Feed on Posts or Comments 17 August 2017

Media newlight on 19 Jan 2010

Mary-Jess Leaverland videos

OK, for those of you wondering what’s the fuss about, here are the vidoes of Mary-Jess Leaverland, who is on the front page of today’s Guardian. Her victory in a “Chinese X Factor” competition is reported by several papers (Telegraph, Daily Mail, and Sun).

The TV singing competition is called Min Ge Chang Fan Tian (民歌唱翻天, literally means “stars from ordinary people singing over the heaven”), organised by a TV channel in Jiangsu Province.

The vidoes show the final round. At the begining the first video, three competitors were presented, then the second runner-up was out, followed by the duel between the last two who each sang the final song, before the phone-in results were announced (in the second video). Mary-Jess Leaverland was called by her Chinese name Li Meijie (李美洁) throughout.

This video shows the round before that, begining with the “grand entry” of the last three competitors. Mary-Jess Leaverland spoke Mandarin in her intro video (at 6’30”), but it looks when it came to singing, she still preferred English songs.

Media newlight on 08 Jan 2010

UK almost as cold as the South Pole?

Yes it is cold out there. It hasn’t been so cold for so long for many years in the UK. Minus 20C is cold. But why the British media insist that here is “almost as cold as the South Pole”? Times put it in the headline, Guardian and Telegraph (“only 2C warmer than the South Pole”) said so. The comparison is too good to miss for Channel 4 News and BBC News as well.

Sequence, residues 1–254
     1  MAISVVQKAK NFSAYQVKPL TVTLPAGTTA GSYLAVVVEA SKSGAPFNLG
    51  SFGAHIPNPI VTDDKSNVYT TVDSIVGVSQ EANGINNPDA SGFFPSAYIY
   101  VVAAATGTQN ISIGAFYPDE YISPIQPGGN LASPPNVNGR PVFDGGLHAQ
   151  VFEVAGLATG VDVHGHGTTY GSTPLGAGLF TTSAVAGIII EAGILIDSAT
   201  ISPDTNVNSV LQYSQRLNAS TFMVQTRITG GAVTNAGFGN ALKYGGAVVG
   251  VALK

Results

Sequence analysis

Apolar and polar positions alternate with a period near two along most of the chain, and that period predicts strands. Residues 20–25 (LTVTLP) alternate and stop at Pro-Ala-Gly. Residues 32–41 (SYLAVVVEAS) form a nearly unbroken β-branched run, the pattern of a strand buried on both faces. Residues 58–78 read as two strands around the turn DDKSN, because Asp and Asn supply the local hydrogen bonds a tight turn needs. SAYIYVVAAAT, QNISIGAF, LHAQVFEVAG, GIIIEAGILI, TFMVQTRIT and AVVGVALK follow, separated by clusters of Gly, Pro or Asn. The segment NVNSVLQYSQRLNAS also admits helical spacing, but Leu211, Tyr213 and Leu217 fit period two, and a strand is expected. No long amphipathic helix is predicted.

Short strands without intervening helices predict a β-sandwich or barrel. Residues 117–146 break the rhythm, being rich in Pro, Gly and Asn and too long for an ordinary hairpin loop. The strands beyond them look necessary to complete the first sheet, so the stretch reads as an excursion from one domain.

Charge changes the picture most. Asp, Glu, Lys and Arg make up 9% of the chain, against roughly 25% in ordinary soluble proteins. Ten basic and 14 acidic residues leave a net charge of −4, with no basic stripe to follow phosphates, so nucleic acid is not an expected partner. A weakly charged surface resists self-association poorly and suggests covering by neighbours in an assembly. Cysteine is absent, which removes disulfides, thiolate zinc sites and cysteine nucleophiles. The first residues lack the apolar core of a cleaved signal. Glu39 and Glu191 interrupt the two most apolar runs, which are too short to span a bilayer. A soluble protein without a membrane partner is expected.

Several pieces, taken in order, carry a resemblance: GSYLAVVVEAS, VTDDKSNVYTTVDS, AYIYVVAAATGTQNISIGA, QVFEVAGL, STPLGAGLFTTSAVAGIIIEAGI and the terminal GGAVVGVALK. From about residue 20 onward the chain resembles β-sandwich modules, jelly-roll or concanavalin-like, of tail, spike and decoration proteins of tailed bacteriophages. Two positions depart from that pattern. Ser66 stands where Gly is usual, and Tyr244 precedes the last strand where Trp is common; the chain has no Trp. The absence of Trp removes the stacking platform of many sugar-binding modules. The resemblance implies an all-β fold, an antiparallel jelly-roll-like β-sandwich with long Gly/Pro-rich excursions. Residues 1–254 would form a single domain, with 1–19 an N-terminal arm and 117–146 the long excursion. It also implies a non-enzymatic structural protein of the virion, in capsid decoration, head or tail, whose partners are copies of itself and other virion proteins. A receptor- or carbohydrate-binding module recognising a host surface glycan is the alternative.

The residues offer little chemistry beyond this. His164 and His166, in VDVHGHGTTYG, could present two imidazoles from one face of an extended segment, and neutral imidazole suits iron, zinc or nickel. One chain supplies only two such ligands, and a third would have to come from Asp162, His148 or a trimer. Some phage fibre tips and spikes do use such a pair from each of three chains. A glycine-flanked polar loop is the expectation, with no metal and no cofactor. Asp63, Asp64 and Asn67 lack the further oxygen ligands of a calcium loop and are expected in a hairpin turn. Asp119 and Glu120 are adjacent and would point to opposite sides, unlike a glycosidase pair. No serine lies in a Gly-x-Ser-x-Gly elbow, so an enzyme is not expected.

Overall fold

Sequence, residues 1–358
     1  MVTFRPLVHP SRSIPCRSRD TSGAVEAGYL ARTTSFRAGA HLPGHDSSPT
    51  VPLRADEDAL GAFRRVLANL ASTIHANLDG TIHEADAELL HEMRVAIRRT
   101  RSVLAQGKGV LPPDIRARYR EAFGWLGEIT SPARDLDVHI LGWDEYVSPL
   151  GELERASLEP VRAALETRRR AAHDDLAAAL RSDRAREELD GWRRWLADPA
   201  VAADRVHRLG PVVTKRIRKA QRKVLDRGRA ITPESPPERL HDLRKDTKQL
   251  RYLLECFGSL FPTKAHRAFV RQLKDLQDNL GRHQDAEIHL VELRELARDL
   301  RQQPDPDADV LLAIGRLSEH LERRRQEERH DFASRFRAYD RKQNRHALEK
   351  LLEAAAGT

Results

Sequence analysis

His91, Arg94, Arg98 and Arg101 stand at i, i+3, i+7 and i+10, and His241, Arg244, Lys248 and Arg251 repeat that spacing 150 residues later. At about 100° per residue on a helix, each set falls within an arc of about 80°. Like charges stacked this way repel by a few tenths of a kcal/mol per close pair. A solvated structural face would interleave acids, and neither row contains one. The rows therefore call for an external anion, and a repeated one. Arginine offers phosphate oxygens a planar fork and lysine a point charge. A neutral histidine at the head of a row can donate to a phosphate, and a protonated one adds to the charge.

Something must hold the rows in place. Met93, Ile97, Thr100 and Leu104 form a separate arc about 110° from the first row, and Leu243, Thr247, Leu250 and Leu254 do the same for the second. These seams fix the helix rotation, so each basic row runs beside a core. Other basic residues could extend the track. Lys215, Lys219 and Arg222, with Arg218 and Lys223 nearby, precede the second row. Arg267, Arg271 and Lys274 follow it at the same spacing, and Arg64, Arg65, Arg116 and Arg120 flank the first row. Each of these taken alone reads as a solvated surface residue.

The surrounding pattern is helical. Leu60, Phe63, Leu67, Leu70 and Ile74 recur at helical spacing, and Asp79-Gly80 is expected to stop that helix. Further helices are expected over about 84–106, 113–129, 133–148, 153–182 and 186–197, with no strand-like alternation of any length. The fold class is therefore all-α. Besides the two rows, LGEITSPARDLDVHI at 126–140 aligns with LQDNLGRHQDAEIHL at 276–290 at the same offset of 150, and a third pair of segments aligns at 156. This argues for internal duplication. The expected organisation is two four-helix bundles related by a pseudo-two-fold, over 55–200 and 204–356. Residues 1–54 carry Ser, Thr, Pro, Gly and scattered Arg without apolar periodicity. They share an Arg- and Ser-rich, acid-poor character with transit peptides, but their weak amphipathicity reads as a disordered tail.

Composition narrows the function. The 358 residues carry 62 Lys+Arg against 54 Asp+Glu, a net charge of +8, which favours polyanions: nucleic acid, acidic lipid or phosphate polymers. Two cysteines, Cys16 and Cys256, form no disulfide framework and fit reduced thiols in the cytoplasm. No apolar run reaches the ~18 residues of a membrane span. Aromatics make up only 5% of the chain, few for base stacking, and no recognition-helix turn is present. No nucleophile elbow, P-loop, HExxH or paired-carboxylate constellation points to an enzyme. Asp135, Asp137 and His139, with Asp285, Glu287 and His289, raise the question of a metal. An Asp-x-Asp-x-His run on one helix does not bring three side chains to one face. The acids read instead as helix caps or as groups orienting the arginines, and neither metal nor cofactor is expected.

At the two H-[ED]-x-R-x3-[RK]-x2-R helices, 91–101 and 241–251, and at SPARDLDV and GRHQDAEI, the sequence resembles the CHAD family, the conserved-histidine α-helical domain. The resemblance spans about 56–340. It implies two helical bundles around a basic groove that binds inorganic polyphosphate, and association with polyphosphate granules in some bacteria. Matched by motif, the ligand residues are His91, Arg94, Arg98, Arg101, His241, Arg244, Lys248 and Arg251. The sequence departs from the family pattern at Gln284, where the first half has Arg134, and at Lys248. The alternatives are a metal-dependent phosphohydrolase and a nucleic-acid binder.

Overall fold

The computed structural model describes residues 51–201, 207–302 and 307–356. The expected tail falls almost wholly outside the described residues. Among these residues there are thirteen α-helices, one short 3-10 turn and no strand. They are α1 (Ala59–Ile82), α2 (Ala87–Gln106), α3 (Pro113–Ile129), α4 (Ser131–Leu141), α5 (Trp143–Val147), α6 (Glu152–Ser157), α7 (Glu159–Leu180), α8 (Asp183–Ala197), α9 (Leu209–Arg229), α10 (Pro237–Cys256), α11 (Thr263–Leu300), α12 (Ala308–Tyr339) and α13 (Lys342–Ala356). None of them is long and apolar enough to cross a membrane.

The temperature at the South Pole is about -22C to -25C at the moment. It is technically true that the coldest place in the UK is only a couple of degrees warmer than the South Pole. But I’m wondering whether the journalists realised, or chose to ignore the fact that it is summer now at Antarctica?

Society newlight on 07 Dec 2009

Climate change summit: Calling for leadership

Today 56 newspapers from 44 countries have published the same editorial (in 20 different languages) to encourage the delegations at Copenhagen summit to seal a deal to reduce global warming and act on climate change.

I’m proud of the fact that the paper I worked for is the initiator and the two newspapers I’m writing for are the participating Chinese newspapers.

To read the full editorial ‘Fourteen days to seal history’s judgement on this generation‘. Or if you prefer, in Chinese.

Now it’s up the world leaders to take some leadership and make difference in the next two weeks.

2009-12-07.Guardian front page editorial on climate change

Media newlight on 04 Dec 2009

Close of Yeeyan would be our loss